Saturday, November 6, 2010

What My Child is Reading - Thanksgiving Books



Our reading this week, felt very scattered. Even though all of our books fell under the Thanksgiving umbrella, they were very different, from fun and fanciful, to fact filled and less frivolous.

Straddling the gap, was Peter Cook's You Wouldn't Want to Sail on the Mayflower! A Trip That Took Entirely Too Long. Amazon has it marked for ages 4-8, but I'd say more 7-11. Like all of the books in the series (and there are a lot of them), it presents non-fiction details of a historical time period, in a comic book like format. My older children, and I, enjoyed it well enough, but the younger children found it a little too long, and busy for their liking.


I picked up Edna Barth's Turkeys, Pilgrims, and Indian Corn, The Story of the Thanksgiving Symbols, mainly for myself, to fill in some of the history, and details of our traditions. It could easily be read, and enjoyed by older children (ages 7-12) too, though. This book was written in the 1970's, so I was surprised to find how many of the myths, like Pilgrims wearing black, and living in log cabins, and the Indians in tipis, with feathers in their hair, it debunked. If we've known all these things weren't true for so long, why do we keep teaching them?

I guess, it's because the myths are so much cuter than the reality.



The younger children enjoyed Pat Mora's Gracias/Thanks. With Spanish text on one page, and English on the next, readers follow a small boy, as he lists off the everyday things, that make him happy, and says "thanks".


I checked out The Perfect Thanksgiving by Eileen Spinelli, because I usually enjoy her books. And, the children enjoyed this one, comparing two different families', different ways of celebrating Thanksgiving. I found the comparison of classes strange, and unsettling in a children's books though, as one family seems to be from the upper, educated, elite, while the other is a lower class, "average American", family. Although both families are said to be perfect in the end, most of the book is dedicated to pointing out the superiority of the upper class.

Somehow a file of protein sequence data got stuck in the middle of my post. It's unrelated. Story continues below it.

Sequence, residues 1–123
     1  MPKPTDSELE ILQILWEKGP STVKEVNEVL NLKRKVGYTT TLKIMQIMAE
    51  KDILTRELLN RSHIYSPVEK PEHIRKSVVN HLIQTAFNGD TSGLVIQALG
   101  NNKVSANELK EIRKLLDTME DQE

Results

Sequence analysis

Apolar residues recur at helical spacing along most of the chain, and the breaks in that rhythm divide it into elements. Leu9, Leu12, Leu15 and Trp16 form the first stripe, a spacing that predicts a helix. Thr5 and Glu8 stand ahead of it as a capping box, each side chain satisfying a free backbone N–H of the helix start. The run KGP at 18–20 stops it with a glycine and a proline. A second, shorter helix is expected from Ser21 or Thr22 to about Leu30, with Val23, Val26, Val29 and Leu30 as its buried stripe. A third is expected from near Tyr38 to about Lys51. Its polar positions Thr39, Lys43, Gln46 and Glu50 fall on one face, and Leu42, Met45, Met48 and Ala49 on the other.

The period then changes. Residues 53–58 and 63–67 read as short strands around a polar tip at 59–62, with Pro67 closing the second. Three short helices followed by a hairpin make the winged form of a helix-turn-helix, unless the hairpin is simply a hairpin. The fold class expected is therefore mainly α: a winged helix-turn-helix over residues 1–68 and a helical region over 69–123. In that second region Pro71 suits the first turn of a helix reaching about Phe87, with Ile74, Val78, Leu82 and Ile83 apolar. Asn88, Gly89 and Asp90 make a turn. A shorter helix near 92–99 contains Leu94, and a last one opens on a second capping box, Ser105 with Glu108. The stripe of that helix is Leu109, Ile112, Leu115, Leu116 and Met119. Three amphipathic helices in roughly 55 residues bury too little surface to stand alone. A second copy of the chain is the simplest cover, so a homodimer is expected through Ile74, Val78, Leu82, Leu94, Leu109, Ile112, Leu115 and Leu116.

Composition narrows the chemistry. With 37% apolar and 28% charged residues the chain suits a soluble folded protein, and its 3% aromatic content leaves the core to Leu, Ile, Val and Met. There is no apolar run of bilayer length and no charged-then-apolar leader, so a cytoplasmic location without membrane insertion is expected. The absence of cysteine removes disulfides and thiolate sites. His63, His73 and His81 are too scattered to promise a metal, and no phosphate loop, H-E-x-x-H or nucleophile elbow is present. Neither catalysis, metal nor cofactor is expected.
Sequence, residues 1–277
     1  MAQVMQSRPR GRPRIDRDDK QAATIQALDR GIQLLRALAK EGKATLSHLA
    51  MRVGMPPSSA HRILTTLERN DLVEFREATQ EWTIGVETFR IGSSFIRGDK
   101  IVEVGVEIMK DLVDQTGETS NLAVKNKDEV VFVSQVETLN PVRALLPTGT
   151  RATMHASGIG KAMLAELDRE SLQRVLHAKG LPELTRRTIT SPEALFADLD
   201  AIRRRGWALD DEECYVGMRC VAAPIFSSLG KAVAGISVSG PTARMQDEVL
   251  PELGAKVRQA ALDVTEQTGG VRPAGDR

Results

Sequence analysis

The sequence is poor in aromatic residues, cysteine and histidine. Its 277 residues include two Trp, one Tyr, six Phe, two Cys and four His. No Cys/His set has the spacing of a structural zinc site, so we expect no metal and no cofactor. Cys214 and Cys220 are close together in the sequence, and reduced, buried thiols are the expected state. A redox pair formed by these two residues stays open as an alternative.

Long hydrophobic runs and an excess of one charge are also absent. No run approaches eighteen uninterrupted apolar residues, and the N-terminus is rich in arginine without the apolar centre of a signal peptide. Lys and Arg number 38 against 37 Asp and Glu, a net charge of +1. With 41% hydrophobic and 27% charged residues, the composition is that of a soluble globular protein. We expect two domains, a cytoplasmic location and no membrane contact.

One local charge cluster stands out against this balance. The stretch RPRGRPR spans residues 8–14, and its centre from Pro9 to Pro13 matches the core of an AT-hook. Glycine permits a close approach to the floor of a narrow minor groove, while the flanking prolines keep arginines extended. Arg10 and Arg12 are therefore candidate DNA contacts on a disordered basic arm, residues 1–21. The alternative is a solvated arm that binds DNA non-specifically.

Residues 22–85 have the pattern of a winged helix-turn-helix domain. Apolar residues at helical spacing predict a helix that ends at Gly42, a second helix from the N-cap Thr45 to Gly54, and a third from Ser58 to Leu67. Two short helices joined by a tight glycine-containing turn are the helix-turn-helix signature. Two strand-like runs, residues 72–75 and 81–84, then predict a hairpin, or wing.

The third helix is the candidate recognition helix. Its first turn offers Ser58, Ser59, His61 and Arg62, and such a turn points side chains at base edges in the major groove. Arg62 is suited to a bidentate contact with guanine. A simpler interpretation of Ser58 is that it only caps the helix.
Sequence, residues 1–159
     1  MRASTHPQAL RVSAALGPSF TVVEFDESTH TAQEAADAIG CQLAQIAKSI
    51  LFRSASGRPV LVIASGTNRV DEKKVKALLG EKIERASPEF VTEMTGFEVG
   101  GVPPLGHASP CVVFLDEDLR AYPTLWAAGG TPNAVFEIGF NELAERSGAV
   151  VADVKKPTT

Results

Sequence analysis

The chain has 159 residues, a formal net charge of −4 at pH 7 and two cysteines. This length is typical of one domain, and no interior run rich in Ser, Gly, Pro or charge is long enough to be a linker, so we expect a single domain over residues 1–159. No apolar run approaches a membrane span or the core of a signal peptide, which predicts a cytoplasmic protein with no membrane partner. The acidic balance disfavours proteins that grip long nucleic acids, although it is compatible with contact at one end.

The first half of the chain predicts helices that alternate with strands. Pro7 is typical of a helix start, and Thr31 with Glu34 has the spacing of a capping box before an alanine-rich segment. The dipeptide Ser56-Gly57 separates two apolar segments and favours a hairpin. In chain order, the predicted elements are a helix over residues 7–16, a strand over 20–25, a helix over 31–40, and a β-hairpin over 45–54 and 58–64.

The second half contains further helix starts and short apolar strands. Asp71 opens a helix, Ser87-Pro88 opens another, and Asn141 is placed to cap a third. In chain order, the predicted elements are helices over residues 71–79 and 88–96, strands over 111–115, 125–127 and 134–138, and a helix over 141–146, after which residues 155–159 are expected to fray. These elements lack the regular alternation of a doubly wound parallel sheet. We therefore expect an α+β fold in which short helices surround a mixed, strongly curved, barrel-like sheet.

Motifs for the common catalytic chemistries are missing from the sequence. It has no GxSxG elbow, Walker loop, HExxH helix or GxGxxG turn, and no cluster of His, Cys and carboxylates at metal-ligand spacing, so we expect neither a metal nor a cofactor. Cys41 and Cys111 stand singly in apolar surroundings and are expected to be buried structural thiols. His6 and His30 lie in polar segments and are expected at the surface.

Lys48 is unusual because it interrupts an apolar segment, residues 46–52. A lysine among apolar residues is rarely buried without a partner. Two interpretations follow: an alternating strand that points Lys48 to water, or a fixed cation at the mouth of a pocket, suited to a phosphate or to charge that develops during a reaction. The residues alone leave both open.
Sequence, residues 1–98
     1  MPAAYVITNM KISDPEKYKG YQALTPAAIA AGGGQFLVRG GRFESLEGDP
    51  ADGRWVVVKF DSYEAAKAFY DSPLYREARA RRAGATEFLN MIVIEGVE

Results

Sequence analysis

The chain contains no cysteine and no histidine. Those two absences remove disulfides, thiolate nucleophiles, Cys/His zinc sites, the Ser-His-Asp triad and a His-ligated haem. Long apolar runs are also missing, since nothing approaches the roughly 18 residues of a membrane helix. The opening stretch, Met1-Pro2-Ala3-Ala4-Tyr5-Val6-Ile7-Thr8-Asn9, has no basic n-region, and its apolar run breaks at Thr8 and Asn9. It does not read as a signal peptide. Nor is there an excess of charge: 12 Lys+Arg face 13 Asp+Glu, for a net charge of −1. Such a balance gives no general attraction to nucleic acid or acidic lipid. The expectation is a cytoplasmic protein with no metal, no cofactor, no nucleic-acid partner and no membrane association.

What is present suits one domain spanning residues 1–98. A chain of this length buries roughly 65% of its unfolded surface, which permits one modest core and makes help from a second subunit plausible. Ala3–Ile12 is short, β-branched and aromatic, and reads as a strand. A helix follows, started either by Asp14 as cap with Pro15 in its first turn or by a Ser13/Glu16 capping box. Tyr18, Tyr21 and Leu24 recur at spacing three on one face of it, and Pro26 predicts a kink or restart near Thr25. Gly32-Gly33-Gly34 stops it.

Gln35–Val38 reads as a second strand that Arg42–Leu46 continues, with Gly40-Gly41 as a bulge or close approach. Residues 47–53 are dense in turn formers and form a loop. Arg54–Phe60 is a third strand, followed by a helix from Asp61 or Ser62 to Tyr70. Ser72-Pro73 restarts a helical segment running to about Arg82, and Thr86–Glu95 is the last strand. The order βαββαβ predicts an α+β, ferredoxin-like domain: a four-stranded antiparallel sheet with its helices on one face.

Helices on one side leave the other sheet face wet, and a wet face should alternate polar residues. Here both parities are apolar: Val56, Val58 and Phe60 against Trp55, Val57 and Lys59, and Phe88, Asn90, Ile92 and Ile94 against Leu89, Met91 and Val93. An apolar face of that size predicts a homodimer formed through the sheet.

But, Turkey Trouble by Wendi Silvano, was nothing but fun. As Thanksgiving approaches, Turkey seeks to disguise himself, to blend in with the various animals on the farm, who he thinks are less likely to be chosen as a holiday entree. Finally, he settles on the perfect disguise, saving not only himself, and his barnyard friends, but the farmer's Thanksgiving dinner, as well.



Find out what other families are reading, at this week's What My Child is Reading blog-hop, hosted by Mouse Grows, Mouse Learns.



It's great to be a homeschooler.

6 comments:

Ticia said...

I'm hopefully getting in Turkey Trouble later today, fingers crossed. It certainly looks super cute.

Oooohhhhh, and the Thanksgiving Symbols is also very cool.

Kara said...

My daughter loves Turkey Trouble- such a fun book!

Debbie said...

I am doubtful I will get any Thanksgiving books again this year. I thought I would jump early but guess what they were already gone. These sound like great books!

Brimful Curiosities said...

Without the myths, crafting wouldn't be quite as fun I guess. I have a few turkey books on hold at the library, but not Turkey Trouble. Our favorite Thanksgiving book is Give Thanks to the Lord by Karma Wilson. It's not really about the history behind Thanksgiving though and focuses on giving thanks during a Thanksgiving celebration with family.

LitLass said...

I think I'll look for Turkey Trouble for my boys and maybe the symbols book for myself (and my 7-year-old).

Raising a Happy Child said...

Turkey Trouble sounds very interesting, and I kind of agree with you on Spinelli's book that we read last year. I leafed through some of those "You Wouldn't Want..." books in the bookstore and agree with your assessment - the reading age is given incorrectly, and they are more appropriate for older kids. Thanks for joining WMCIR!